Page:Audubon and His Journals.djvu/71

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into the ocean, captured the bonnet, and had the good fortune to be picked up himself by the yawl. On reaching the deck he presented the bonnet with a graceful obeisance and perfect sang froid, while the rival looked at him as black as a raven. No more was heard of the matter till dawn, when reports of firearms were heard; the alarm was general, as we feared pirates. On gaining the deck it was found that a challenge had been given and accepted, a duel had positively taken place, ending, alas! in the death of the rescuer of the bonnet. The young lady felt this deeply, and indeed it rendered us all very uncomfortable."

The voyage ended, Audubon returned to Mill Grove, where he remained some little time before his marriage to Lucy Bakewell. It was a home he always loved, and never spoke of without deep feeling. His sensitive nature, romantic if you will, was always more or less affected by environment, and Mill Grove was a most congenial spot to him.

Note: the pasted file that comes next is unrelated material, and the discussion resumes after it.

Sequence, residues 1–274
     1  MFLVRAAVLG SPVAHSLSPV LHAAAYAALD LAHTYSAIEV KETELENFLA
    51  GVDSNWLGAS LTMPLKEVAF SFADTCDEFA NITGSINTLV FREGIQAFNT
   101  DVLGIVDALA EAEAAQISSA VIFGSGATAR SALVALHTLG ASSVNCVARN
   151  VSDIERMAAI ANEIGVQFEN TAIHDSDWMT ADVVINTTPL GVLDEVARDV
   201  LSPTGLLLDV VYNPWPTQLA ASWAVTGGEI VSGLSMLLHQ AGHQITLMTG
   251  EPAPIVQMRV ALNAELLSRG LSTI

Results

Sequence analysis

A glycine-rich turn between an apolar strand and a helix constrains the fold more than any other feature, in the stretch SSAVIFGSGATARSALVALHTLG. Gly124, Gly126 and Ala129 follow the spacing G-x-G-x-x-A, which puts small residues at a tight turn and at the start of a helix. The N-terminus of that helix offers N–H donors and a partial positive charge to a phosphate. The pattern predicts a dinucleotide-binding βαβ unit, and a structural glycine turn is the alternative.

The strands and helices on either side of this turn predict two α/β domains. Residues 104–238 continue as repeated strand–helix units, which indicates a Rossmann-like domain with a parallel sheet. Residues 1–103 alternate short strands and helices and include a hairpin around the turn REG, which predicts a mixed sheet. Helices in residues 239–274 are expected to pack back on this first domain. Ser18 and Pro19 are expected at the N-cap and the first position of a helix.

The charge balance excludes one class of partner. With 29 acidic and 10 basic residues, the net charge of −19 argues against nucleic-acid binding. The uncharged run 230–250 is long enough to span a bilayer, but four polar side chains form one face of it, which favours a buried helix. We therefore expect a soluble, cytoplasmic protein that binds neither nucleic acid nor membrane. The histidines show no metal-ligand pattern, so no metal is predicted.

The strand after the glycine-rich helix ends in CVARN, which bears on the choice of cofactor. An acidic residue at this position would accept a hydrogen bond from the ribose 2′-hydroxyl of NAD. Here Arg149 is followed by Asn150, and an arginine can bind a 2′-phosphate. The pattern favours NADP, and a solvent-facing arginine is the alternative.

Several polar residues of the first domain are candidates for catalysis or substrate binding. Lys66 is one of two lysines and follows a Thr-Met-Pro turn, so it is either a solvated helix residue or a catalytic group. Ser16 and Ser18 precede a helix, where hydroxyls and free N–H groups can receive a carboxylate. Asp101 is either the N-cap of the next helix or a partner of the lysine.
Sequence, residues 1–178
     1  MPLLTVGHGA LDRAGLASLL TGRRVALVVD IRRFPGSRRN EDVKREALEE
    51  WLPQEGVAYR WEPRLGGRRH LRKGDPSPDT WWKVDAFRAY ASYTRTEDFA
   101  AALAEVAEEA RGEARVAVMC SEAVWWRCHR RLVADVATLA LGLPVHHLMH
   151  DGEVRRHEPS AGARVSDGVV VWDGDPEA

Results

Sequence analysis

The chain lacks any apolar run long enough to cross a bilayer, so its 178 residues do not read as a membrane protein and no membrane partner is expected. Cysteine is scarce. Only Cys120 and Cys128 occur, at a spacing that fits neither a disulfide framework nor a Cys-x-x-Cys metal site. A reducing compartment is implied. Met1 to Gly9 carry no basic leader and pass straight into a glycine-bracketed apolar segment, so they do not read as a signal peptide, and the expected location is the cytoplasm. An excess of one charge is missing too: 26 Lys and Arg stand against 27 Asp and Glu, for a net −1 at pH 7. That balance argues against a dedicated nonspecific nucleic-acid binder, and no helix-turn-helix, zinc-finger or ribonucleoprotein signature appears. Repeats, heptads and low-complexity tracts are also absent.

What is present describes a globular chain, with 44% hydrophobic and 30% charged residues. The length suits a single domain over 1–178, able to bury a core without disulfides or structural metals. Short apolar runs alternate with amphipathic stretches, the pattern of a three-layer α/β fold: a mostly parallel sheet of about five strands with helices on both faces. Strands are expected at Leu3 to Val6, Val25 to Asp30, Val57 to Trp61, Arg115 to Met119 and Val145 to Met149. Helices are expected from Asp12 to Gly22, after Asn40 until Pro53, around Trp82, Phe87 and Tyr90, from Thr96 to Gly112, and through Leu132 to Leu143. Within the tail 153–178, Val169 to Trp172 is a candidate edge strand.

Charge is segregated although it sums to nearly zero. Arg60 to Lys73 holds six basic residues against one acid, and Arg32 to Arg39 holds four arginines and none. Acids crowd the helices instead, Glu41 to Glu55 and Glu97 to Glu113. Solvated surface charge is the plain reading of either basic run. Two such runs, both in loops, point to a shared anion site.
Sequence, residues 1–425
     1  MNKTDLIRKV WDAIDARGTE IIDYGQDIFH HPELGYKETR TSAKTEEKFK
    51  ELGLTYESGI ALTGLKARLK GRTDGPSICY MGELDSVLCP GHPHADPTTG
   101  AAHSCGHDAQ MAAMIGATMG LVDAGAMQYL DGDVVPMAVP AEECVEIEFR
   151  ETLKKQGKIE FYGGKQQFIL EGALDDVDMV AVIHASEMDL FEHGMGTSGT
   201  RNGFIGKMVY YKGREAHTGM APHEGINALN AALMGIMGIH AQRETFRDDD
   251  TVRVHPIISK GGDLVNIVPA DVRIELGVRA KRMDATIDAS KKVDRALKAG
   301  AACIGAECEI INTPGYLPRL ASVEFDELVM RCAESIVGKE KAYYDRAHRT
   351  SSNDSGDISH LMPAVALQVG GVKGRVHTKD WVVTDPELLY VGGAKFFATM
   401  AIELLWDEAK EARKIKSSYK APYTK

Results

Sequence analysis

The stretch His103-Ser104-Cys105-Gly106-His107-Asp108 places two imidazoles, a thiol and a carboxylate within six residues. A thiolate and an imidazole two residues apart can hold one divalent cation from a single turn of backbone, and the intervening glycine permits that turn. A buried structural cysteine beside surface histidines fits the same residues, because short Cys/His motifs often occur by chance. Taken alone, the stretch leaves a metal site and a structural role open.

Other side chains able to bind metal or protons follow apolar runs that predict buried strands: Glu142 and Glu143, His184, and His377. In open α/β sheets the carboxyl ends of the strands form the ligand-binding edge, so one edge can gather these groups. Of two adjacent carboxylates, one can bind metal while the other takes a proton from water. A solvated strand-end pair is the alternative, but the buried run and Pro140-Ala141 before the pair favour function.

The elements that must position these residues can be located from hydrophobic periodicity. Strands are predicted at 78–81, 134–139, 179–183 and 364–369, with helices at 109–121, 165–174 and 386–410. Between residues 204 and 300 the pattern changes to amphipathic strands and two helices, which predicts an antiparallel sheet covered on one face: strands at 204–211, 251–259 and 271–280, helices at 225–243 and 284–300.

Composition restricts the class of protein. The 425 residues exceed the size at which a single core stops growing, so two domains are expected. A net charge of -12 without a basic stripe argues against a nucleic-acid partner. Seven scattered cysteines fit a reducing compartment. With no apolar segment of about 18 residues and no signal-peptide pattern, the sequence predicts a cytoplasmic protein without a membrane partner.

This beautiful estate in Montgomery Co., Pa., lies in a lovely part of the country. The house, on a gentle eminence, almost a natural terrace, overlooks, towards the west, the rapid waters of Perkiomen Creek, which just below empties into the Schuylkill river, across which to the south is the historic ground of Valley Forge. The property has remained in the Wetherill family nearly ever since Audubon sold it to Samuel Wetherill in 1813. The present owner[1] delights to treasure every trace of the bird lover, and not only makes no changes in anything that he can in the least degree associate with him, but has added many photographs and engravings of Audubon which adorn his walls.

The house, of the usual type of those days, with a hall passing through the centre and rooms on either side, was built of rubble-stone by Roland Evans in 1762, and in

  1. Mr. W. H. Wetherill, of Philadelphia.